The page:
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  • Writer's pictureDEFA



“PLEASE TELL ME YOU AREN’T RUNNING A STUPID OFFENSE WITHOUT A TIGHT END AND A FULL BACK WITH THEIR HAND IN THE DIRT!” It was 2006 just outside Coach Matta’s office at Downingtown East. Keith Carter was in town recruiting for Wagner when Coach Matta discussed the struggles he had in identifying who and what his program was. It wasn’t for a lack of success – the program had just made the district finals with Pat Devlin at the helm – but Coach Matta felt there was a void somewhere that he couldn’t put his finger on.

Since the split of Downingtown High School, Downingtown East has embodied the personality of its head coach Michael Matta. According to Coach Matta, high school football is the “last game of social darwinism.” A game where only the strong survive. In Pennsylvania, high school football is one of the last sports without fancy club teams where you can try out and get a $100 dollar super-duper tee shirt; there are only ten games to prove your worth. Coach Matta has built his program on this idea for the last 21 years at Downingtown East: only the mentally and physically tough will succeed and giving up or backing down is not an option.

“I can remember as a kid being so excited for Friday nights so I could watch Downingtown football. Back in those days, we could either go to the game or watch it on WCOJ TV. Channel 7. All I wanted to do was be good enough to play in high school for Downingtown. I can remember when I was in junior high, Downingtown High School had a TE named Mike Millard. He was really good, so I remember thinking It would be awesome to play TE for Downingtown! I am proud to be part of the TE tradition at Downingtown. I keep thinking, man, they just keep getting better."

- Keith Carter

While it is easy to say, in high school sports, it is hard to sustain. Great players graduate and move on. The great programs don’t have “good teams” every couple of years; they are sustained through the culture and identity of the program. Turnover happens every year, and there is no recruiting, no grabbing the biggest strongest kids in the tri-state area – making the importance of tradition and culture paramount to continuing the program’s identity of grit and toughness. There is one key to this: the tight end position.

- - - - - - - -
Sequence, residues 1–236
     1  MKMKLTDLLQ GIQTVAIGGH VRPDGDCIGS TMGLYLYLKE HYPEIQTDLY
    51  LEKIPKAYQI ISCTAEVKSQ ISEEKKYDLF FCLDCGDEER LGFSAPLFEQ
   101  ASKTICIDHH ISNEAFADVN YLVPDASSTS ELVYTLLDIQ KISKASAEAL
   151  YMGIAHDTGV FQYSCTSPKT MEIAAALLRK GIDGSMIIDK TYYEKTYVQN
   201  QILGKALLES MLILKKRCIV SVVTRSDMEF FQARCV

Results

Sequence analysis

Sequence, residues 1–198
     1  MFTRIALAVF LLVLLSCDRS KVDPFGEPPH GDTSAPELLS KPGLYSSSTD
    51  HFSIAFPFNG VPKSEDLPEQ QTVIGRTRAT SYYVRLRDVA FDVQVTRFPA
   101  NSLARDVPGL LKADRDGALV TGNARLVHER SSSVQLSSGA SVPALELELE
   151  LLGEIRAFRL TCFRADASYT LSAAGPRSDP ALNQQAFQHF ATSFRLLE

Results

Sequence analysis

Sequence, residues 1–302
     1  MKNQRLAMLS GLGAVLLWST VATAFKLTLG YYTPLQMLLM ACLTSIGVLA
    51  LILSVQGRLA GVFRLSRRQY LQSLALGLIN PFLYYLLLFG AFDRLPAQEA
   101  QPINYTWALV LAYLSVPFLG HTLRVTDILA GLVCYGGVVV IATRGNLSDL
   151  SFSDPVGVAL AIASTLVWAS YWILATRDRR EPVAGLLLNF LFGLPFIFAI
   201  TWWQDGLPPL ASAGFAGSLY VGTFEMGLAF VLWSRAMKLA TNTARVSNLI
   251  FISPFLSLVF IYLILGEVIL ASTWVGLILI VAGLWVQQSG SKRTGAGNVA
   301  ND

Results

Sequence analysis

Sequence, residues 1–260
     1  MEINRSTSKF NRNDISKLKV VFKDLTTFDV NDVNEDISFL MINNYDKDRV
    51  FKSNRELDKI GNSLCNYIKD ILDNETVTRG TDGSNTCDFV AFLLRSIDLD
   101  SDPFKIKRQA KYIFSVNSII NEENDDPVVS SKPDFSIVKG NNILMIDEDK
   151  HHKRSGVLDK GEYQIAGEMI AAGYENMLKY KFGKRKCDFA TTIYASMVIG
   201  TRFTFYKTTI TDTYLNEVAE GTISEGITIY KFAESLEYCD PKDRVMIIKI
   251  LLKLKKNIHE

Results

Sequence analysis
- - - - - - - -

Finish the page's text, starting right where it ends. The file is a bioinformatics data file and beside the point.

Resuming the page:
“Tight Ends at Downingtown learn to become blocking tight ends first and receiving tight ends second. There were tight ends of all athletic skill sets to come through the program, all with one thing in common: we are all willing to put our hand in the dirt and beat up the guy in front of us.”

- Ed Matta (‘05-’06)

Anyone who has followed high school football in Pennsylvania knows that there have been great players that have contributed to the success of the Downingtown Football Program. Pat Devlin, Kyle Lauletta, and more recently Bo Horvath, Mike Waite, and Mike Leo have obviously left their marks on the program. But the tight end position has managed to grow the program and build the identity that everyone expects from Downingtown.

2014: Downingtown leads a good Rustin team late in the 4th Quarter – Cary Angeline is emphatically yelling to Offensive Coordinator Tom Wolf and Coach Matta. “Who the hell is he yelling at? What’s the problem?” Coach Matta asks Tom Wolf. After a few seconds it's clear Cary is yelling: “KEEP RUNNING THE BALL TO MY SIDE! DON’T YOU DARE STOP!”

- Cary Angeline (‘13-15)

It is impossible to identify how the tradition was built without the two pillars and foundation of tight ends who have had their fingerprints on the position, and the program, to this day: Brandon Darlington and Keith Carter. To Darlington, it was more than just playing football on a team, it was a responsibility to be tough and impose his will: “It’s about TRADITION and what it means to wear the jersey and what it means to represent that jersey. You are honoring those that played before you and those that play after you.” The foundation of the position was built there and eventually was literally translated to future tight ends (Tyler Kroft, specifically, who we’ll get to later) as Darlington continued to preach the intrinsic values of the position long after his last down of high school football.

As mentioned before, one player and one team cannot independently build and sustain a culture for an entire program. Coach Matta has been able to channel it throughout the entirety of his career at Downingtown thanks to another well known tight end, Keith Carter. In 2006, just a couple years into Coach Matta’s tenure, the program was struggling to find an identity. It was from this epiphany that Coach Matta re-established the identity of the program: it was going to run through the tight end.

“After talking with Keith, I knew that I was going to reinvent the offense and the identity around what became a pillar of our culture: the position would embody values of selflessness, hard-nosed determination, and Family-Attitude-Toughness.”